Organic farming is often accused of being a niche sector that cannot possibly be part of a plan to provide food for a rapidly increasing population. However, grower and speaker at The Amsterdam Produce Show and Conference Gerjan Snippe disagrees; it’s waste not lack of crops that’s the problem
It is testament to Dutch engineering skills that the area of Flevoland exists; the majority of the land was created through sea reclamation during the 1950s and 1960s.
This is important in that it demonstrates what the Dutch can do when they set their minds to a task. Which is why, when grower Gerjan Snippe says he wants to change people’s perceptions of organic farming, one can foresee him having a significant impact.
Snippe has already started out well, he is one of a four-farmer co-operative that tends 2,000ha of organic produce in the Flevoland area of Zeewolde, under the company name Bio Brass. Snippe says that the success of the operation is all down to a healthy crop rotation, the basics of organic farming, and also through investment into reducing wastage of the product throughout the supply chain.
“For example, you harvest cauliflowers but if you don’t have the right chilling equipment then that produces waste, and the product becomes expensive,” he explains.
“I believe strongly that we are as efficient as conventional farmers, we have invested in packhouse [operations], machinery, and this all makes us more price competitive.”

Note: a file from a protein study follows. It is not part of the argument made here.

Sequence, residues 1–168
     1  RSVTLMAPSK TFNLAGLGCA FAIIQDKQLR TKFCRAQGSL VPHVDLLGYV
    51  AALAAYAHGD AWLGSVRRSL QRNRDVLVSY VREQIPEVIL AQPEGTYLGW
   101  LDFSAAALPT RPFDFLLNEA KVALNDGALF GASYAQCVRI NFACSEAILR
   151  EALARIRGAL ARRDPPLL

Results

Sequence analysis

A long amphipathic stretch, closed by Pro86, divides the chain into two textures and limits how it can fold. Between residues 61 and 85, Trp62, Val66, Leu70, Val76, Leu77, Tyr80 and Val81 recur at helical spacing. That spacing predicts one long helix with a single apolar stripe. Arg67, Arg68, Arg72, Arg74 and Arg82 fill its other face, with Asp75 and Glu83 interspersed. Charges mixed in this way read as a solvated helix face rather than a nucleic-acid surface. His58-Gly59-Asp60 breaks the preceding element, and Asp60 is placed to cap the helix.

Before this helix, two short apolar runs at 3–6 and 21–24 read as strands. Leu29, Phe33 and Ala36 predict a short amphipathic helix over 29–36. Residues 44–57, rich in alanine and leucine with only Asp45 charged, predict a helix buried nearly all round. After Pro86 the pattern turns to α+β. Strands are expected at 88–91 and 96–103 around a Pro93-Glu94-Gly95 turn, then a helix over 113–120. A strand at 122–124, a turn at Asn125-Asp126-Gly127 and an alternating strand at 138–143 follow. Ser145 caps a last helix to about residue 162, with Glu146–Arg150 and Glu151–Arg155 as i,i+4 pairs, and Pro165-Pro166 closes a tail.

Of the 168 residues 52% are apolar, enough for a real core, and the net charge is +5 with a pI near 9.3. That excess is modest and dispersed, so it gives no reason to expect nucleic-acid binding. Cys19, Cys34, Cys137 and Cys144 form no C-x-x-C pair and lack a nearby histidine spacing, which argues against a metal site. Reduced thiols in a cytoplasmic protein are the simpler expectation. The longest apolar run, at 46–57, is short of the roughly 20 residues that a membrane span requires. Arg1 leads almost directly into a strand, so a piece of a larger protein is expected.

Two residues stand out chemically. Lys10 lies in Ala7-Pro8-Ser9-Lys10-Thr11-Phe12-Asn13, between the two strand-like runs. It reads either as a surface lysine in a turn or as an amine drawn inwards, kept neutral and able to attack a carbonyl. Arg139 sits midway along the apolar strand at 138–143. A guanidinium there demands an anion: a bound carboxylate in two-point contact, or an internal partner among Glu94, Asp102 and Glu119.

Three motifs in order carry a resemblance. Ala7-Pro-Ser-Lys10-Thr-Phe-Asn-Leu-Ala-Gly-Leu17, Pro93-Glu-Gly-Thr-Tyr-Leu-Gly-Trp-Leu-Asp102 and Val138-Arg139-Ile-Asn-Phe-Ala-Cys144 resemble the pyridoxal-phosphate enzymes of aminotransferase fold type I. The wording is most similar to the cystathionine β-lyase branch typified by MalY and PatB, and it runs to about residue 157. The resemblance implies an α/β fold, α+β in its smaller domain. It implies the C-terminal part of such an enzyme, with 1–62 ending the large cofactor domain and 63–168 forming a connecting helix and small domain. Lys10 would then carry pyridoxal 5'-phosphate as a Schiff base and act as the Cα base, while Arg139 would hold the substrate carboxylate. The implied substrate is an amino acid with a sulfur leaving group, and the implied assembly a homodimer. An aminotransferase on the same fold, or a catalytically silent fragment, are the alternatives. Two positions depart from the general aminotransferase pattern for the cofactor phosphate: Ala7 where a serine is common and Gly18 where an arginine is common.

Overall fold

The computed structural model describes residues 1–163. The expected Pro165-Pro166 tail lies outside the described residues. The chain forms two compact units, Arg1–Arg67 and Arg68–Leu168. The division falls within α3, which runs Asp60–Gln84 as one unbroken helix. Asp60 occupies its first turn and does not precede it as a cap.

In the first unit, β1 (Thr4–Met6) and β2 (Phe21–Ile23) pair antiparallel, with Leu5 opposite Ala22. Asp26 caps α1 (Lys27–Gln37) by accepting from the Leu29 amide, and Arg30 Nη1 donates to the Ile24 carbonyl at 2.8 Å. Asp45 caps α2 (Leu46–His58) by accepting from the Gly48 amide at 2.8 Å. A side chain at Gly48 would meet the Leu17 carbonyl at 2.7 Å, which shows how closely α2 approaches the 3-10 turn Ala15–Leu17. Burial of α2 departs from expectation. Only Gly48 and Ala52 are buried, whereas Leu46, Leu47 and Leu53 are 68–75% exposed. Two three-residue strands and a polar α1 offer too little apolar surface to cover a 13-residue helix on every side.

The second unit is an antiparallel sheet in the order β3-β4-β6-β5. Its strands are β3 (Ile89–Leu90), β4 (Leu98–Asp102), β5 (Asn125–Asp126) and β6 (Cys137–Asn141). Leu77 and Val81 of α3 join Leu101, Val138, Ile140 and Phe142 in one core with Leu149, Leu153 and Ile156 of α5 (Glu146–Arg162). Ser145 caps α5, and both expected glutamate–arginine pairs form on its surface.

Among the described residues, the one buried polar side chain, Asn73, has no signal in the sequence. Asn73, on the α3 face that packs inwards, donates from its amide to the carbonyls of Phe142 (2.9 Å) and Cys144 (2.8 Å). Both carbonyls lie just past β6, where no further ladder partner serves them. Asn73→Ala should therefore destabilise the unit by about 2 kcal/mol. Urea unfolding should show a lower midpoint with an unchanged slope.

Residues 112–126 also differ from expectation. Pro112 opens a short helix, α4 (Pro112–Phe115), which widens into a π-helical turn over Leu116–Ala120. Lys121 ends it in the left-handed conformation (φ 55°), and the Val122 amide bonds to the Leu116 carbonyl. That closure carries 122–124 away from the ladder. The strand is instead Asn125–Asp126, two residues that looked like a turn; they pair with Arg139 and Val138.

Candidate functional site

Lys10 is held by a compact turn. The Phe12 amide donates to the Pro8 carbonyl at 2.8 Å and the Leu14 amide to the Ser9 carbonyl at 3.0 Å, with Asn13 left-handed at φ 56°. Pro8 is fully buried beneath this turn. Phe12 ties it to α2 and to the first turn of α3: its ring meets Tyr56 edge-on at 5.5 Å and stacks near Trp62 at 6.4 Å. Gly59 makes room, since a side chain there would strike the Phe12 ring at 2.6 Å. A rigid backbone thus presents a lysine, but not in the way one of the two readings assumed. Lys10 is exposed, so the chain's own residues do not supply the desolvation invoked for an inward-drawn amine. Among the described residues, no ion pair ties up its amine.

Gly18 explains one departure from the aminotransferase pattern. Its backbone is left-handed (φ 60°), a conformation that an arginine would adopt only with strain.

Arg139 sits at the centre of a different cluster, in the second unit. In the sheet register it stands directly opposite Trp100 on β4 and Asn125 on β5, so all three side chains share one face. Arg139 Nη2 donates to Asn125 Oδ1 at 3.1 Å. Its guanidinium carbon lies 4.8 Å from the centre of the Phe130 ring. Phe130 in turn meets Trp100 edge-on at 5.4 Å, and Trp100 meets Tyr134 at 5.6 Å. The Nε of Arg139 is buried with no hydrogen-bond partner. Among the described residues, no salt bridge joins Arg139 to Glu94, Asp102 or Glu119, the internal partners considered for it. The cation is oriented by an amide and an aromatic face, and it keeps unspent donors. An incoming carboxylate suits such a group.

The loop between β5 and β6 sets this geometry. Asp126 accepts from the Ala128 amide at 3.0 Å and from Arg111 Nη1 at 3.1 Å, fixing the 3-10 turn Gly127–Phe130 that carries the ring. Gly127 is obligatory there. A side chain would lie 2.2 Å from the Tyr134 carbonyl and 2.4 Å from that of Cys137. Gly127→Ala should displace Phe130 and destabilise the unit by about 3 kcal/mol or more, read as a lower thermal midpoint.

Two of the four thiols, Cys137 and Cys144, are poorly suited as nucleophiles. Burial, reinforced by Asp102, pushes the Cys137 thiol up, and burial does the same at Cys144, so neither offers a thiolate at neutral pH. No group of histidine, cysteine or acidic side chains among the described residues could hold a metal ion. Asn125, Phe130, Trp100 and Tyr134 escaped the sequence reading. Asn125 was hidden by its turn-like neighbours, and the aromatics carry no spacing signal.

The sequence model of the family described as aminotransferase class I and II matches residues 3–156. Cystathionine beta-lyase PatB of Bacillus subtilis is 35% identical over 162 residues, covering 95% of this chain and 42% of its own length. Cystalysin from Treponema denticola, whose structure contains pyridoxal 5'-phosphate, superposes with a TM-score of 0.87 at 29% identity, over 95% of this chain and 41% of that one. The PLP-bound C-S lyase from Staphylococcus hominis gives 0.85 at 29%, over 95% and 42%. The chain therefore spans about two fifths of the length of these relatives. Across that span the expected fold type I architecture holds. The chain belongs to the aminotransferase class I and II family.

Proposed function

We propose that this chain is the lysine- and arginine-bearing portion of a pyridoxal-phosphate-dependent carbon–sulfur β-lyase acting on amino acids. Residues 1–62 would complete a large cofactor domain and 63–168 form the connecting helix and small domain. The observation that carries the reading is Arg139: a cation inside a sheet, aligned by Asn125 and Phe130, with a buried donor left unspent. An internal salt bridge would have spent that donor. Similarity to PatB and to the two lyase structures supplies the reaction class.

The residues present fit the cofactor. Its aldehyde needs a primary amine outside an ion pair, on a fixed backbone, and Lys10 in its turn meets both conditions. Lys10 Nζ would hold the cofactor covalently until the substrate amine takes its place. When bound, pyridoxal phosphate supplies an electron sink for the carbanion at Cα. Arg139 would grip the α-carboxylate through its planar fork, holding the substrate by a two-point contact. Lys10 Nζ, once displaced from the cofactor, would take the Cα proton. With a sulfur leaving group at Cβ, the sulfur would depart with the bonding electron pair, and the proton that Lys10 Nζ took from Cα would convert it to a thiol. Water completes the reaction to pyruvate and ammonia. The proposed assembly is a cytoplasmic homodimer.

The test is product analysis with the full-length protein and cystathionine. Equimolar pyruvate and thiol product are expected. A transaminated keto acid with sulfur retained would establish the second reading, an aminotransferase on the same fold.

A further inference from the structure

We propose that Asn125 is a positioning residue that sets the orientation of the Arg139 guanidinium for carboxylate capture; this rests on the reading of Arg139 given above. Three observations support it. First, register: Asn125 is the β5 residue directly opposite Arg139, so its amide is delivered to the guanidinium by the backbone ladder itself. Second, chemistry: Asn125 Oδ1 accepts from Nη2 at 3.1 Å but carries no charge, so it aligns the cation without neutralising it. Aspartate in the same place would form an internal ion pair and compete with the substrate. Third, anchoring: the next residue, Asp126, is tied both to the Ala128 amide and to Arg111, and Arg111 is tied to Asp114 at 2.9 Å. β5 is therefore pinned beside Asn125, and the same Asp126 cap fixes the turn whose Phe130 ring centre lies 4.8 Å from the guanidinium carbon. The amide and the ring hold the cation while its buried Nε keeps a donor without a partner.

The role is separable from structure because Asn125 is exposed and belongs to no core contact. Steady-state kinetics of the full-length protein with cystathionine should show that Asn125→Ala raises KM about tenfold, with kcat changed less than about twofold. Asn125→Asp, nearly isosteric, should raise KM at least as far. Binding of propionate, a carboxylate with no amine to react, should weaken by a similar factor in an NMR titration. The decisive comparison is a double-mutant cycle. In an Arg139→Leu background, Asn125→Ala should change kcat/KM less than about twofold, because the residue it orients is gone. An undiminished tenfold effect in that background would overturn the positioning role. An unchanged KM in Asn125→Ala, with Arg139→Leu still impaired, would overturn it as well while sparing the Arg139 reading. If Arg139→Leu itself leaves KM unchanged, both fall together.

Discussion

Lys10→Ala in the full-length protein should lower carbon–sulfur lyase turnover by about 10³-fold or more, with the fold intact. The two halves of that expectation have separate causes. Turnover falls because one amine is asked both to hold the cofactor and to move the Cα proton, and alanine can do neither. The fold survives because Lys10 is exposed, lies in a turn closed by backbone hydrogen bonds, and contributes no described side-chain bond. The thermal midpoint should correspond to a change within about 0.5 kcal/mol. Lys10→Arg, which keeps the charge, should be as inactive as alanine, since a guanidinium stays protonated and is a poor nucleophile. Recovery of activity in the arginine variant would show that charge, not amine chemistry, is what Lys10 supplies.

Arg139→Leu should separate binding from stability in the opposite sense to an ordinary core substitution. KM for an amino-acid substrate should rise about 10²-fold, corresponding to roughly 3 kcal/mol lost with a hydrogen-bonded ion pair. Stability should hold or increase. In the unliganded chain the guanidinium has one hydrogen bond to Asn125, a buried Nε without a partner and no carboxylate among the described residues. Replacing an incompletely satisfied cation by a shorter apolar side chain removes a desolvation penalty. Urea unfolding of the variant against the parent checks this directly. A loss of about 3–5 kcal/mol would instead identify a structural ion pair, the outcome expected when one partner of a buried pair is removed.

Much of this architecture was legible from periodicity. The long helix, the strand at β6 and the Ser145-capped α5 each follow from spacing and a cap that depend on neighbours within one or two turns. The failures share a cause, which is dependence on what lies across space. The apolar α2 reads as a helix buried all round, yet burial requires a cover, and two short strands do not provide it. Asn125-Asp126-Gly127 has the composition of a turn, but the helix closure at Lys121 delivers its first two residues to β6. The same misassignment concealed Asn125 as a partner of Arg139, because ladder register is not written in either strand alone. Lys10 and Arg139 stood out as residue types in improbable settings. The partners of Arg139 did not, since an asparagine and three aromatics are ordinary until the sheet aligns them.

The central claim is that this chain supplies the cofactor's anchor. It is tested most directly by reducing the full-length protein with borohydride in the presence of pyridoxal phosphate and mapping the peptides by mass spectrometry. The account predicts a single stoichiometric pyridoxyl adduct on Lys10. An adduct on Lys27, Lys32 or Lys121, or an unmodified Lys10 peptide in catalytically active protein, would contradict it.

Snippe, who worked for Tesco in the UK as well as as a trader in Scotland, adds that unfortunately organic farming has a reputation as something that amateurs get into, not commercially minded businesses.
However, Snippe says that this is due to people concentrating upon yields rather than looking at organic farming from a holistic point of view. Not only is it a system that ensures healthy soil, the foundation for a sustainable business, but it also produces a product that people value.
For Snippe organic farming offers a story, one that has helped the company to connect with buyers and category managers, and to gain their trust that Bio Brass can produce the high-quality products they want all year round. This is crucial, because quality is the label that organic farmers depend upon to get the right price for their produce.
“If we want food security in the longer term, then it cannot just be about getting more out of less. We have to ask, ‘how do you keep quality food on the shelf?’” says Snippe.
Bio Brass grows, as the name suggests, brassicas such as broccoli, cabbage, red cabbage, pointed cabbage, and savoy cabbage. All products are grown on the basis of a one-in-six-year rotation, where for one year it’s brassicas, and then five years of crops such as carrots, potatoes, peas, grass and clover. The company supplies not only Netherlands buyers, but supermarkets and stockists across Europe.
Snippe suggests that it is this system that many farmers would like to adopt, but have reservations as to the impact this would have on their business.